I am a huge “fan” of the work of psychologist and winner of the 2002 Nobel in economic science Daniel Kahneman and his book Thinking, Fast and Slow is arguably one of the most valuable books I have ever read. And for those that think 499 pages of psychology is a little bit too much, there is Michael Lewis’ book The Undoing Project: A Friendship That Changed Our Minds which is the story of how two Israeli psychologists Kahneman and friend Amos Tversky working together can up with this comprehensive look at the decision-making process in humans like us.
I was googling around this morning looking for something by Kahneman on the assumptions we make about expertise and I ran across this quote in Jim Holt’s New York Times Book Review of Thinking Fast and Slow…
Some cognitive biases, of course, are flagrantly exhibited even in the most natural of settings. Take what Kahneman calls the “planning fallacy”: our tendency to overestimate benefits and underestimate costs, and hence foolishly to take on risky projects. In 2002, Americans remodeling their kitchens, for example, expected the job to cost $18,658 on average, but they ended up paying $38,769.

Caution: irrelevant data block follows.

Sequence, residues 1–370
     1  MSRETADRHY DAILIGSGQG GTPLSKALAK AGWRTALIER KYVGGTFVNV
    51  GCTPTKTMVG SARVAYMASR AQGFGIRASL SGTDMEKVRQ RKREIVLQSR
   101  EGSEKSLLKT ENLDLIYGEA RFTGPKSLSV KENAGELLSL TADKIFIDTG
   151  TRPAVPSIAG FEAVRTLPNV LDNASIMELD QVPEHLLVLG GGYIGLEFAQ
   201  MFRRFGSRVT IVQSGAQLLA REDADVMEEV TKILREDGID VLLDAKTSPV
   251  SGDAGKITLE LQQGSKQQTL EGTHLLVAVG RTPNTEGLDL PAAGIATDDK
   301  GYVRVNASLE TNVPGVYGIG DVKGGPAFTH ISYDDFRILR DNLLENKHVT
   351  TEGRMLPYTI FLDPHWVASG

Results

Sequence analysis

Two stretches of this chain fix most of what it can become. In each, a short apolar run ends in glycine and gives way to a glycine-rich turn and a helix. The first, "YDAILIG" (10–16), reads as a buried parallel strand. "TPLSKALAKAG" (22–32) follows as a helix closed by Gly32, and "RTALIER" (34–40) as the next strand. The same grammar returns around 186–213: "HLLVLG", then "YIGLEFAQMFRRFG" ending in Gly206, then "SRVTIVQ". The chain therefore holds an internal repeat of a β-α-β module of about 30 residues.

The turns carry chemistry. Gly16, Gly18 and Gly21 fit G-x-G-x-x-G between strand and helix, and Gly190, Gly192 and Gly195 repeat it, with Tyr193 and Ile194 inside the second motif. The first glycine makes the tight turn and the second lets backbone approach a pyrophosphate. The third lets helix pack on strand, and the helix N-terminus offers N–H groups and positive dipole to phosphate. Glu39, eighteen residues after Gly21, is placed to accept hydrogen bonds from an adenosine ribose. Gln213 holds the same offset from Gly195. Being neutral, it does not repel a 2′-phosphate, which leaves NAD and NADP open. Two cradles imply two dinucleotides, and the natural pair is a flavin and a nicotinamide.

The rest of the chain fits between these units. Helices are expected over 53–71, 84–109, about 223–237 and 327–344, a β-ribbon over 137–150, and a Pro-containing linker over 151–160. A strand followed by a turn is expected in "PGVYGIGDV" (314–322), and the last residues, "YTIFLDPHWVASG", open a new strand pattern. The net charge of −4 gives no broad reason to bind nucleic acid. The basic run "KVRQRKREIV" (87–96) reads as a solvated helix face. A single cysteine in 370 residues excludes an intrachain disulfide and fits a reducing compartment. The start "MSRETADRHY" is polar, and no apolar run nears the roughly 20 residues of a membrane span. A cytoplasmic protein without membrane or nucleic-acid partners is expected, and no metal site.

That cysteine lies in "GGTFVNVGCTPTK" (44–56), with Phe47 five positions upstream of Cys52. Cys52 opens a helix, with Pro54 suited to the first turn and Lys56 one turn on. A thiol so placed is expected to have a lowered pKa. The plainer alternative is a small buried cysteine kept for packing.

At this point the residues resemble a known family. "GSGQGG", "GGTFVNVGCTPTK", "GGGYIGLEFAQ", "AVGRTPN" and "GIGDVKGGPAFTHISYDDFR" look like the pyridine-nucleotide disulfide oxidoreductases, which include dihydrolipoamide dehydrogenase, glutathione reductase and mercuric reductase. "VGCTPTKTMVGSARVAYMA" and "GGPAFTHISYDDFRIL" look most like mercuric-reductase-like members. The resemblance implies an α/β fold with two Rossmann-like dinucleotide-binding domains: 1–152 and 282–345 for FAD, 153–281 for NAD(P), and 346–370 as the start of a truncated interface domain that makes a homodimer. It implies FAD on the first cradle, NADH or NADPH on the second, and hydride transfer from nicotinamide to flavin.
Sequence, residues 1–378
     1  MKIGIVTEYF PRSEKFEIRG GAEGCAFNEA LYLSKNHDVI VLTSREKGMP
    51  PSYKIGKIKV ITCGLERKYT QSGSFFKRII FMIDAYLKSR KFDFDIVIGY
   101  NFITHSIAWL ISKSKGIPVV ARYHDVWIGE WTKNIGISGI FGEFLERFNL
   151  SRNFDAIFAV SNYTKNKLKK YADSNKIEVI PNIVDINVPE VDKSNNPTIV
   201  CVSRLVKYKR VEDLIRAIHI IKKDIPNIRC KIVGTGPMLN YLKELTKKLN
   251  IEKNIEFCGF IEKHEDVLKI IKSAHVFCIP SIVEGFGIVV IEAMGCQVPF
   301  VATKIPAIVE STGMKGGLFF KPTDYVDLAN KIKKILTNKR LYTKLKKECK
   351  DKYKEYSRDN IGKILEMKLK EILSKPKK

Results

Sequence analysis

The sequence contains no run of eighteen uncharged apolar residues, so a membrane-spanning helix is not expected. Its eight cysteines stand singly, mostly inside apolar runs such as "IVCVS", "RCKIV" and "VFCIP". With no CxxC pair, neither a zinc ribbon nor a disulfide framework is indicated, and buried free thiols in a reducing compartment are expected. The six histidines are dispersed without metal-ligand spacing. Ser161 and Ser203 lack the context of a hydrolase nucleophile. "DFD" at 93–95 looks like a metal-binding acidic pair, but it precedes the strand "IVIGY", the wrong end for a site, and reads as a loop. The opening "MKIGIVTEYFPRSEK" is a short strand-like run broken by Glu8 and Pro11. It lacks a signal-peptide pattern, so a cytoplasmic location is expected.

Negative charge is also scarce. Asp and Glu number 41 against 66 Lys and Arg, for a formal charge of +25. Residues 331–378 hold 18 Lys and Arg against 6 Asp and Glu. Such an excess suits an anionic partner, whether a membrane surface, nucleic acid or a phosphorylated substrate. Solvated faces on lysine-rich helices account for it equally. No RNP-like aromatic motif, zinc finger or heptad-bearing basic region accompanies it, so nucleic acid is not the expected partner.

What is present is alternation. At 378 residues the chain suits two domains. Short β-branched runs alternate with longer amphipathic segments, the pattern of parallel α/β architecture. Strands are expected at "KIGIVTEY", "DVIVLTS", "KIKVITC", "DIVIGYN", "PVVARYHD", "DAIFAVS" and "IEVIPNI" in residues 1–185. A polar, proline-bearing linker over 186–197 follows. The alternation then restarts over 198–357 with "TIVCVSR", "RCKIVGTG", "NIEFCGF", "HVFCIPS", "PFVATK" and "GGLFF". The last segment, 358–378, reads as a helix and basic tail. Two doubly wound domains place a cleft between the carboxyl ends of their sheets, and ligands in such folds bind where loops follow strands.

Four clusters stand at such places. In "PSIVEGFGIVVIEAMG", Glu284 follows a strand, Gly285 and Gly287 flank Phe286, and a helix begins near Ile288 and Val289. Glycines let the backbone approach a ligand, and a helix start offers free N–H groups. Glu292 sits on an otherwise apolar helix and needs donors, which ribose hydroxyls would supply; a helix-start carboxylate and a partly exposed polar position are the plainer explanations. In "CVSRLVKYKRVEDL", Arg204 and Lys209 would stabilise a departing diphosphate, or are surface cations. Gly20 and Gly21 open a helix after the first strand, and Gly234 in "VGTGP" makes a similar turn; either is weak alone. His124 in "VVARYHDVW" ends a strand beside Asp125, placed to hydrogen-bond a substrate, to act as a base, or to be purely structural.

The planning fallacy is “only one of the manifestations of a pervasive optimistic bias,” Kahneman writes, which “may well be the most significant of the cognitive biases.” Now, in one sense, a bias toward optimism is obviously bad, since it generates false beliefs — like the belief that we are in control, and not the playthings of luck.[…]
What the planning fallacy relates to our tendency to systematically underestimate the time & resources required to complete projects or as Daniel Kahneman: has said:
“The planning fallacy is that you make a plan, which is usually a best-case scenario. Then you assume that the outcome will follow your plan, even when you should know better.”
As builders and remodelers, I think we all know that nothing ever goes as planned but what do we do to take this into account and correctly plan for uncertainty?